A Tasty Treat (No Pun Intended).
A popular ingredient around the world, tongue is becoming more popular in the U.S. It is boneless, has more protein than a steak and half the fat. It’s a much healthier alternative than many other proteins. Plus, it comes in almost any variety you can think of: beef, pork, lamb and even duck! I like mine on rye toast with spicy pickled onions and a schmear of brown mustard.
Your tongue is made up of eight muscles.
The average length of a human tongue is four inches.
Every human has a unique “tongue print,” like your fingerprints.
Humans are born with 10,000 taste buds, but as we age taste buds die. Adults can have as few as 5,000 taste buds. That is why some foods taste stronger to children than to adults.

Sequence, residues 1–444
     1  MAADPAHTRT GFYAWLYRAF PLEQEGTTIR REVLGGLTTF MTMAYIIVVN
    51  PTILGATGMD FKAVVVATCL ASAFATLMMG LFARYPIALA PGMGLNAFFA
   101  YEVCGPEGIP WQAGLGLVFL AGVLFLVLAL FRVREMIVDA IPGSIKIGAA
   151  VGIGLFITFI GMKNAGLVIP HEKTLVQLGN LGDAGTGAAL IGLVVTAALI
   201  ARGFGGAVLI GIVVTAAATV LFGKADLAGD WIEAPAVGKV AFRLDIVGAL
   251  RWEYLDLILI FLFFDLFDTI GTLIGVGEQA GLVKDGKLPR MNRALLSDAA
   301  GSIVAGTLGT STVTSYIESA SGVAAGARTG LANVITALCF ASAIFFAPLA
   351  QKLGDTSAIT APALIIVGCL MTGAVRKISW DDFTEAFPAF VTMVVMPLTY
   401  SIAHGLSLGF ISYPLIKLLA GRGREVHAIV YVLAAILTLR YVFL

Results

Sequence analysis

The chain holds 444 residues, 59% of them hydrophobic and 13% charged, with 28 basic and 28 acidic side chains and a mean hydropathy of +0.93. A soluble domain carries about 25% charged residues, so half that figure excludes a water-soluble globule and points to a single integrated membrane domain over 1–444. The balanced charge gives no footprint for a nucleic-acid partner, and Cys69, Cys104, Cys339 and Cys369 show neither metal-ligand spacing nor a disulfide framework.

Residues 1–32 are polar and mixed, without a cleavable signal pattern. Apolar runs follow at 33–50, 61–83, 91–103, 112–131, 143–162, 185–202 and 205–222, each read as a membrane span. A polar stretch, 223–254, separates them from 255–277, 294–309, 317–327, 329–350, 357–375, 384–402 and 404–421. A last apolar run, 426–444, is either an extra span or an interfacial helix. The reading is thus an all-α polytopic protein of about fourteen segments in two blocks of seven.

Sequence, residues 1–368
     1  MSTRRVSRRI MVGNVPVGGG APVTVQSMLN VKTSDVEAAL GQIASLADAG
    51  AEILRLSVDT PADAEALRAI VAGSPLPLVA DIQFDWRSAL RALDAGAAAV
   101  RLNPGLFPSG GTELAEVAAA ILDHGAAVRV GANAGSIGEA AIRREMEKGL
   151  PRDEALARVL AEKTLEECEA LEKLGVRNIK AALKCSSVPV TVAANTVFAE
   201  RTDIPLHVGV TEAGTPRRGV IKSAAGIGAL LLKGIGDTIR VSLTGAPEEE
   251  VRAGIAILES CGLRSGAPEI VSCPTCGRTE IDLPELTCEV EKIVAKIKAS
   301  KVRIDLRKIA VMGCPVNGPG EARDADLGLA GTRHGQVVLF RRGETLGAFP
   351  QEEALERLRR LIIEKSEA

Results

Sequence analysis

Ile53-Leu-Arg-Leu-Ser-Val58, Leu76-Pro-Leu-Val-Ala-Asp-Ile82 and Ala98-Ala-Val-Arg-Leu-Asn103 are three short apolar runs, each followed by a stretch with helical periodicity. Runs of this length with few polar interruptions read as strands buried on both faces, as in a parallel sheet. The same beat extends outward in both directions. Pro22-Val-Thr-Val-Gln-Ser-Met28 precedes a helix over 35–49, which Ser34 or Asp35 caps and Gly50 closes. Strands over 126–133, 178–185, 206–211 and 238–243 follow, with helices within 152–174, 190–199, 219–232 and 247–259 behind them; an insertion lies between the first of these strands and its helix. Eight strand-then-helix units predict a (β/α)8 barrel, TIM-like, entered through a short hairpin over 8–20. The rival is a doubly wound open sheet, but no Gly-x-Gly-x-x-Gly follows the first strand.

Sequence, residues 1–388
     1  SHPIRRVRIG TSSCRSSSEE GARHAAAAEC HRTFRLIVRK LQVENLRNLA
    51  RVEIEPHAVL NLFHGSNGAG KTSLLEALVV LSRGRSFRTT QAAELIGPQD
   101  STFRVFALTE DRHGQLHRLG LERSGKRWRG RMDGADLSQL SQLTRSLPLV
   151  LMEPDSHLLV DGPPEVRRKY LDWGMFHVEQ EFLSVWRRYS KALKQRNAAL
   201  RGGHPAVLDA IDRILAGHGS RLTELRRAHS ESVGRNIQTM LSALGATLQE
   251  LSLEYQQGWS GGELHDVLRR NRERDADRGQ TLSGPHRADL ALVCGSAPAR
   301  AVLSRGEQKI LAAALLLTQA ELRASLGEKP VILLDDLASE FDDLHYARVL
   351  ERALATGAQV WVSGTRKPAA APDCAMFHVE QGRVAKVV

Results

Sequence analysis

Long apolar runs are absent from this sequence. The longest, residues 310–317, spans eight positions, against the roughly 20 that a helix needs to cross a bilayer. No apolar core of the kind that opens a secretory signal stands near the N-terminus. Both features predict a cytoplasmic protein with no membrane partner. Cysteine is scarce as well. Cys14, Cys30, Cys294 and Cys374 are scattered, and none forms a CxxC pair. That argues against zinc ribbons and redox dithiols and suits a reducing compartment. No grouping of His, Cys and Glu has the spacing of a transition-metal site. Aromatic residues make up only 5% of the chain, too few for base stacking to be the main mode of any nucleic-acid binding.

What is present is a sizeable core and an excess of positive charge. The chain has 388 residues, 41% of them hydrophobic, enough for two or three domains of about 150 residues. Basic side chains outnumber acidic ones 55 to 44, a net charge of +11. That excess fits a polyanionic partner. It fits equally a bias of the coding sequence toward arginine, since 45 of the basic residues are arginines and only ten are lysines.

Taste buds can also be inhibited by cold temperatures. If you have to eat a food you know you don’t like, put a ice cube on your tongue first. It will dull the flavor.
Cat Got Your Tongue?
- Cats use their rough tongues to clean their fur of oils and parasites.
- Dogs’ tongues act as a heat regulator. When a dog excercises, the blood flow to its tongue increases. The dog will stick its tongue out, and the cool air will decrease the blood flow to the tongue along with the dog’s body heat. That is why a dog pants when it runs or if it’s hot outside.
- Giraffes’ tongues can be 14- to 20-inches long. They’re so long they use their tongues to clean their ears.
- A snake has a mechanism on the roof of its mouth called the Jacobson’s organ, which acts as a chemical receptor. A snake will flick out its tongue and put the ends into the organ to help identify chemicals in the air. This allows snakes to sense possible danger around them.